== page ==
The European Commission confirmed on Thursday that it has formally received a package of concessions from Google aimed at ending a two-year antitrust investigation.
The Internet giant submitted detailed proposals at the end of January, and in the last few weeks, the Commission completed its preliminary assessment formally setting out its concerns, said Competition spokesman Antoine Colombani.
“We are now preparing the launch of a market test to seek feedback from market players, including complainants, on these commitment proposals. We will take into account this market test in our analysis of Google’s proposals,” he said.
Google has been under investigation by the Commission since November 2010 after rivals accused the search giant of setting its algorithm to direct users to its own services by reducing the visibility of competing websites and services.
Complaints were first lodged by French search engine eJustice.fr and the U.K.-based Foundem. But 14 other companies have since followed their lead, including Microsoft-owned German price comparison site Ciao, online shopping platform Twenga, British online mapping company Streetmap and online travel sites Expedia and TripAdvisor.
Last year Google was reported to have proposed a settlement of the antitrust case that involves labeling its own services in search results. But complainants were unimpressed with these suggestions and last month 11 of them urged Competition Commissioner Joaquin Almunia to formally charge Google with breaking competition law.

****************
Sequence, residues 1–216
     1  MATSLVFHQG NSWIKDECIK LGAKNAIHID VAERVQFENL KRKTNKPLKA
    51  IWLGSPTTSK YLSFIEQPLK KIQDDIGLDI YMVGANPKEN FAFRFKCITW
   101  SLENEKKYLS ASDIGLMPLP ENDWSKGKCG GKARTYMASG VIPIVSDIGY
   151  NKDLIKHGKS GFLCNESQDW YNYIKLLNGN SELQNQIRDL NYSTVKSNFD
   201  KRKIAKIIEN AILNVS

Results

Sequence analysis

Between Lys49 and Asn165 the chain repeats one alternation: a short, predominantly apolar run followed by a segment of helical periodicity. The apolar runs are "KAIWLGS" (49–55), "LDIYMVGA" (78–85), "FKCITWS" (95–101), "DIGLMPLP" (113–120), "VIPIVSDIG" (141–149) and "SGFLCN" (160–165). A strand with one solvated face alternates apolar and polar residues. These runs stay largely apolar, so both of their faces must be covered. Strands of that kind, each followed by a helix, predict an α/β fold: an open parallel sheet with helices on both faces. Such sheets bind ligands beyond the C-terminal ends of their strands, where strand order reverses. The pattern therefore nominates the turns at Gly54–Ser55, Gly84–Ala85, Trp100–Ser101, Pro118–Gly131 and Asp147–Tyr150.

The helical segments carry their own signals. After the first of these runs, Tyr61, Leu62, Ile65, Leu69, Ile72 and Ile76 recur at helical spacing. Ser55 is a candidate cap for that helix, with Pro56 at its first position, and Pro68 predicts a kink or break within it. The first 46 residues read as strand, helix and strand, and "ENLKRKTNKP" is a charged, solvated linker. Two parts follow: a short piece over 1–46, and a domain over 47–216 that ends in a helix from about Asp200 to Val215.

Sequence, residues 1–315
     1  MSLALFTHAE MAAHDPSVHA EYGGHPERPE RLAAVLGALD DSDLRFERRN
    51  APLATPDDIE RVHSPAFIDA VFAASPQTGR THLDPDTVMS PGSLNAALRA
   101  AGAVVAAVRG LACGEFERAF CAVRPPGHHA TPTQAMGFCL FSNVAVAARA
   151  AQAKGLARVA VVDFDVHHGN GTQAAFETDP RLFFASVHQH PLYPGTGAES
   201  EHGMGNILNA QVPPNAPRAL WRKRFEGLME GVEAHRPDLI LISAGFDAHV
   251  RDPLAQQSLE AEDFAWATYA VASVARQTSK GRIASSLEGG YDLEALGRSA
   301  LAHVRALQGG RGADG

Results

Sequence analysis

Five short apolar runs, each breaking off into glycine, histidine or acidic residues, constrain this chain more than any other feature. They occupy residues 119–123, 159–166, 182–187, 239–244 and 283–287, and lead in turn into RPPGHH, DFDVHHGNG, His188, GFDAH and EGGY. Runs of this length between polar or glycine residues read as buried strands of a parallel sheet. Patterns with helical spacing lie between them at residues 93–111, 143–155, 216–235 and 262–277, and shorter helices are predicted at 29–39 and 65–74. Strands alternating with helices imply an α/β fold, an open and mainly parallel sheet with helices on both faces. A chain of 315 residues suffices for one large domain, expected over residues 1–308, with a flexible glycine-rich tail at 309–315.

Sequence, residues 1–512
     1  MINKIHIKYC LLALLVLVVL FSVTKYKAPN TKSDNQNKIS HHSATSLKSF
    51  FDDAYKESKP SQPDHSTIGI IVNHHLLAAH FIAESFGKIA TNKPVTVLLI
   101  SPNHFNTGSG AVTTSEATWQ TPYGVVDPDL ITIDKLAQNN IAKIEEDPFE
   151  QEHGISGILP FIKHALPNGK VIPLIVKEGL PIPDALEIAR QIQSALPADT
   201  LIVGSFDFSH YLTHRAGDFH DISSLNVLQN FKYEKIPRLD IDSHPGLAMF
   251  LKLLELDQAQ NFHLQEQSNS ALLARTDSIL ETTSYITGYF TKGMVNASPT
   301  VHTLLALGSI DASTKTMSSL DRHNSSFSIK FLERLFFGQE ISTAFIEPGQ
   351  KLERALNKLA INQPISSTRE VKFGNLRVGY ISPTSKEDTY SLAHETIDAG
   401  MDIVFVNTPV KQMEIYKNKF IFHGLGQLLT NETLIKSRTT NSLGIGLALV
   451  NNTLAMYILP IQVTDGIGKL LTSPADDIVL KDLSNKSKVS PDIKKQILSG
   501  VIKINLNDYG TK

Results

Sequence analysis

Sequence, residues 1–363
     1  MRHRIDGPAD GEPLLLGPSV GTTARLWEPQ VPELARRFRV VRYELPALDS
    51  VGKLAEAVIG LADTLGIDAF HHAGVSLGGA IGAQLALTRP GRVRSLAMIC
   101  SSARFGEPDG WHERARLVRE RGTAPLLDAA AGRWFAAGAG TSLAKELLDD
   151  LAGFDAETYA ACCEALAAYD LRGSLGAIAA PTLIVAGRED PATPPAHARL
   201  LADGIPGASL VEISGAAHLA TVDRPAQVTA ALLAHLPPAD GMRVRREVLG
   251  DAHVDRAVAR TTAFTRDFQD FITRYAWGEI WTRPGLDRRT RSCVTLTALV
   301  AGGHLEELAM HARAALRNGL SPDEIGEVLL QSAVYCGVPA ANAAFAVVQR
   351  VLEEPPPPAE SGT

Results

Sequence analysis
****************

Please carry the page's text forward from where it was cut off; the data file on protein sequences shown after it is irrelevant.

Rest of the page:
“We are becoming increasingly concerned that effective and future-proof remedies might not emerge through settlement discussions alone. Google’s past behavior suggests that it is unlikely to volunteer effective, future-proof remedies without being formally charged with infringement,” said the group in an open letter to Almunia.
According to reports, the proposed remedies submitted Thursday are similar to a settlement Google struck with the U.S. Federal Trade Commission, and involve Google sharing more information through its advertising APIs (application programming interfaces) and agreeing not to scrape Web content from rivals.
Google has not elaborated on its concessions and said it continues to work closely with the Commission. But now other companies must be consulted on the proposals and if the Commission decides they are not satisfactory, it can resume the normal antitrust proceedings and adopt a Statement of Objections. However, Almunia has always been keen to use settlement agreements to resolve this sort of dispute.
Google has more than 90 percent of the search market in several European countries.